The assassination of a prominent leftist opposition leader in Tunisia has sparked protests across an already-tense nation teetering on the edge of a political crisis, and left armoured vehicles patrolling the tear gas-choked streets of the capital.
The killing of Chokri Belaid was a chilling escalation of ongoing political violence in Tunisia and brought immediate accusations of government negligence, if not outright complicity - allegations that the ruling party denied.
It was the first assassination of a political leader in post-revolutionary Tunisia, and bolstered fears that the country may face the same chaotic road as other Arab Spring nations transitioning to democracy.
Mr Belaid, a 48-year-old lawyer, was known for his virulent criticism of the Islamist-dominated government and his denunciations of the political violence. He was shot four times at point-blank range outside his home.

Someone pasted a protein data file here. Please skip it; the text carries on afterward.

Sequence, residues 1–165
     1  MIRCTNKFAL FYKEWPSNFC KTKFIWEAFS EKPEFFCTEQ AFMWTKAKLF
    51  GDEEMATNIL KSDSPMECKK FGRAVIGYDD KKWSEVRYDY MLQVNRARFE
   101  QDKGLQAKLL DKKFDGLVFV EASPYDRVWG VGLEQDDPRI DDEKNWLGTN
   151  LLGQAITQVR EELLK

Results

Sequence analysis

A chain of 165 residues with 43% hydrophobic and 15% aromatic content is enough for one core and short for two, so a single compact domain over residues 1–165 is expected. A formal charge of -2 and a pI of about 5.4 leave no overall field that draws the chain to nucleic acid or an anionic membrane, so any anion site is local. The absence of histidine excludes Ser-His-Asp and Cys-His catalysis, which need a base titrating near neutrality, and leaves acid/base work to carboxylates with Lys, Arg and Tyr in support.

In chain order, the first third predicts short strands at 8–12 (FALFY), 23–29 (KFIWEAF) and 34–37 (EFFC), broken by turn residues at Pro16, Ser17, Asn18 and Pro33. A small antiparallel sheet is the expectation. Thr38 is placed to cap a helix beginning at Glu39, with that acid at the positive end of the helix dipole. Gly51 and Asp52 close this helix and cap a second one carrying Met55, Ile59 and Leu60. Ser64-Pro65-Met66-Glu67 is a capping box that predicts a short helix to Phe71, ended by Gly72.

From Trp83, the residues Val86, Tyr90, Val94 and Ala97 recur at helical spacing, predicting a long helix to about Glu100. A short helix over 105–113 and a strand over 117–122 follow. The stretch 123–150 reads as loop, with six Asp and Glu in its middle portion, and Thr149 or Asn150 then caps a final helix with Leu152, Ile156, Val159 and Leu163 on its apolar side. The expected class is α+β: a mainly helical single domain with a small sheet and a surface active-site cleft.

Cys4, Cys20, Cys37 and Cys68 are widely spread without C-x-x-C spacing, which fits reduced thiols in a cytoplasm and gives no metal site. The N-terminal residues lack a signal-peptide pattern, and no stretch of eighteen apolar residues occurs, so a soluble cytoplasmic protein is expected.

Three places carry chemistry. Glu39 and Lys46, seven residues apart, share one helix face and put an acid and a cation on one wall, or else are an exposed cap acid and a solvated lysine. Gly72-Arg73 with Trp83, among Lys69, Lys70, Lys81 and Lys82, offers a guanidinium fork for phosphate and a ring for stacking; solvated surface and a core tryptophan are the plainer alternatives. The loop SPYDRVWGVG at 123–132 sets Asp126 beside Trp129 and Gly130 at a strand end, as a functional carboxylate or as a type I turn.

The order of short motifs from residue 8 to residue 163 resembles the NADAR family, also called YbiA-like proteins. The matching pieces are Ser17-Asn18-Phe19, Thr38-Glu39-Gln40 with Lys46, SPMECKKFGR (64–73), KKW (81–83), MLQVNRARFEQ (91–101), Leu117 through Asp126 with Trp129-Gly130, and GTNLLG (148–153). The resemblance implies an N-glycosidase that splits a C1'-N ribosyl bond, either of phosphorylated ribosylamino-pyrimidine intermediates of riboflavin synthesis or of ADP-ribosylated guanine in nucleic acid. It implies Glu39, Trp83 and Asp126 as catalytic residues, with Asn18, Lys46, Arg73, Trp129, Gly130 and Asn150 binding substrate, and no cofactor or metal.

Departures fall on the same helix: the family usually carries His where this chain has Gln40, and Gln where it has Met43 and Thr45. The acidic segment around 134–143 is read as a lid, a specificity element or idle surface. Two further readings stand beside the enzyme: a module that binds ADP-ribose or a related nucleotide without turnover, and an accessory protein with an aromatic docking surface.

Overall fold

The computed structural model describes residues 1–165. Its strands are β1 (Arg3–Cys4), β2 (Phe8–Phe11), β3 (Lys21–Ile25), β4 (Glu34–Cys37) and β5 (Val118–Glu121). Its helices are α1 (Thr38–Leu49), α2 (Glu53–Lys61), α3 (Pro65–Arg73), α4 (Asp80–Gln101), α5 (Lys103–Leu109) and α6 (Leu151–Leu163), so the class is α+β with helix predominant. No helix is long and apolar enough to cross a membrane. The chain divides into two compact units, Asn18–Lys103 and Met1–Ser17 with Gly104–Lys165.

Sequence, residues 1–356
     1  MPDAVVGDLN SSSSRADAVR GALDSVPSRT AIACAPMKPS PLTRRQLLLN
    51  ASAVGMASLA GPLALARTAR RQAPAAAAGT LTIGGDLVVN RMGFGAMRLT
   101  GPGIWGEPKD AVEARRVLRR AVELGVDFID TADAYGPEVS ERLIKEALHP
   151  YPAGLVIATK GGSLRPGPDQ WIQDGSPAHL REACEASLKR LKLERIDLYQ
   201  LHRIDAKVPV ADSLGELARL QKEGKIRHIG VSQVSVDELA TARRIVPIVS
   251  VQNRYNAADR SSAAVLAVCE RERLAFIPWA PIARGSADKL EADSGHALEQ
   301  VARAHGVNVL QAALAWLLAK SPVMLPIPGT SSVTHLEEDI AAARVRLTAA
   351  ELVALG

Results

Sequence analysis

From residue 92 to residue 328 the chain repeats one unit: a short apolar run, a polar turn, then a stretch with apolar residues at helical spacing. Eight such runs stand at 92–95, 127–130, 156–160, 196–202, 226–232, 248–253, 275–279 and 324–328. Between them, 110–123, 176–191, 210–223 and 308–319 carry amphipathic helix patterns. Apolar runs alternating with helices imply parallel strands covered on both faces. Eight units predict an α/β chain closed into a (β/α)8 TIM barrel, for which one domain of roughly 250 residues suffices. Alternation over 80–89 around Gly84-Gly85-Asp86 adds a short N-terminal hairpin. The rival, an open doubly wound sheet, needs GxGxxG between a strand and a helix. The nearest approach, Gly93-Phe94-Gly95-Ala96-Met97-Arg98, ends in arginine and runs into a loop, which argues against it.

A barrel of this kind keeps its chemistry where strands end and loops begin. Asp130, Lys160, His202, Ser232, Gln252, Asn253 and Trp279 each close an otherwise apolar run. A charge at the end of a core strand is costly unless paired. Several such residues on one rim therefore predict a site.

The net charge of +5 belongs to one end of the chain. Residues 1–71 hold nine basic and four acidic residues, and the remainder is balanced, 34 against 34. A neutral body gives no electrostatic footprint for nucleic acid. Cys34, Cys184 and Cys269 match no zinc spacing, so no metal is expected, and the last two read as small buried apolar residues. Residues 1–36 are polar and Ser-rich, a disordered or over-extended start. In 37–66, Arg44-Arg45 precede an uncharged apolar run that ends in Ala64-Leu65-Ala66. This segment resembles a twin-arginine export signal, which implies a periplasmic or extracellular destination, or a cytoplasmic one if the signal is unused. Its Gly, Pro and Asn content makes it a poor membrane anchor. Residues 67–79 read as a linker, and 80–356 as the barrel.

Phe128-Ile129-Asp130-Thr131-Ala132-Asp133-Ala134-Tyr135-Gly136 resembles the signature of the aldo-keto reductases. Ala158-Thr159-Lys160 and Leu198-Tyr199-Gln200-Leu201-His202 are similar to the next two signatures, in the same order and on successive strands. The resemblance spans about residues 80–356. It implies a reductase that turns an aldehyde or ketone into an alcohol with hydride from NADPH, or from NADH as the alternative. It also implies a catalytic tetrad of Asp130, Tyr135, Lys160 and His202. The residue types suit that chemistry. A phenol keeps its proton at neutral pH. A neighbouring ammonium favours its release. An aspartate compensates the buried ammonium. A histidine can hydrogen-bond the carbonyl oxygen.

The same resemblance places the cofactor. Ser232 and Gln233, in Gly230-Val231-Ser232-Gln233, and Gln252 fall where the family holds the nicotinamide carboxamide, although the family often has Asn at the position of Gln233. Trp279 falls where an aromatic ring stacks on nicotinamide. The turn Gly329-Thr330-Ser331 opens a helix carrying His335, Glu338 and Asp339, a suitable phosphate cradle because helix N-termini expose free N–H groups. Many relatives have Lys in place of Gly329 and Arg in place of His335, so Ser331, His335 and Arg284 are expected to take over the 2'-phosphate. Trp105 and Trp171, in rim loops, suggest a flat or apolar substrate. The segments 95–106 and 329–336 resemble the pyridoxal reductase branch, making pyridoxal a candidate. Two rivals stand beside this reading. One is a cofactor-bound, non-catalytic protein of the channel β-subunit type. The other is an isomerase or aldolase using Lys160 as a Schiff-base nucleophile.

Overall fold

His death shook an already tense political scene. The ruling coalition, led by the moderate Islamist Ennahda Party, has been in stalled negotiations with opposition parties to expand the coalition and redistribute ministerial portfolios in an effort to calm the country's fractious politics.
Tunisians overthrew long-ruling dictator Zine El Abidine Ben Ali in January 2011, kicking off a wave of pro-democracy uprising across the Middle East and North Africa which have met with varying degrees of success.
With its relatively small, largely educated population of 10 million, Tunisia has been widely expected to have the best chance of successfully transitioning to democracy.
Its first post-dictatorship election brought to power the moderate Islamists of Ennahda in coalition with two secular parties. But also on the rise have been ultra-conservative Muslims known as Salafis, who have often resorted to violence in their push for strict Islamic law.
The swift and shocked international reaction to Mr Belaid's assassination underlined the global significance Tunisia's politics have for the rest of the world.
"There is no justification for an outrageous and cowardly act of violence like this," US State Department spokeswoman Victoria Nuland told reporters.